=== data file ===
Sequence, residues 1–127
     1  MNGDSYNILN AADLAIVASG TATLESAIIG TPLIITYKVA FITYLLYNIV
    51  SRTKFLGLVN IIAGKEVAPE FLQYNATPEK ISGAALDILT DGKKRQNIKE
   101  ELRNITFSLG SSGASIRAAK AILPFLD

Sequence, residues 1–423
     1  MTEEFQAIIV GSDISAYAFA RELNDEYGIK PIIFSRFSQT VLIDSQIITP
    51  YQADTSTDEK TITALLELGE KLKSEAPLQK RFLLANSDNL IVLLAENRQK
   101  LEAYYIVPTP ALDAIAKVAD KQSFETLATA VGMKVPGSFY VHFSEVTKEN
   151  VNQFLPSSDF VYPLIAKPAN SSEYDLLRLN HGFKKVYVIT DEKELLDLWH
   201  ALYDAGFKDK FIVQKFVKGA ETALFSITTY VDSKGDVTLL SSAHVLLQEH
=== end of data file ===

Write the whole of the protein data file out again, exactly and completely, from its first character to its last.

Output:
Sequence, residues 1–127
     1  MNGDSYNILN AADLAIVASG TATLESAIIG TPLIITYKVA FITYLLYNIV
    51  SRTKFLGLVN IIAGKEVAPE FLQYNATPEK ISGAALDILT DGKKRQNIKE
   101  ELRNITFSLG SSGASIRAAK AILPFLD

Sequence, residues 1–423
     1  MTEEFQAIIV GSDISAYAFA RELNDEYGIK PIIFSRFSQT VLIDSQIITP
    51  YQADTSTDEK TITALLELGE KLKSEAPLQK RFLLANSDNL IVLLAENRQK
   101  LEAYYIVPTP ALDAIAKVAD KQSFETLATA VGMKVPGSFY VHFSEVTKEN
   151  VNQFLPSSDF VYPLIAKPAN SSEYDLLRLN HGFKKVYVIT DEKELLDLWH
   201  ALYDAGFKDK FIVQKFVKGA ETALFSITTY VDSKGDVTLL SSAHVLLQEH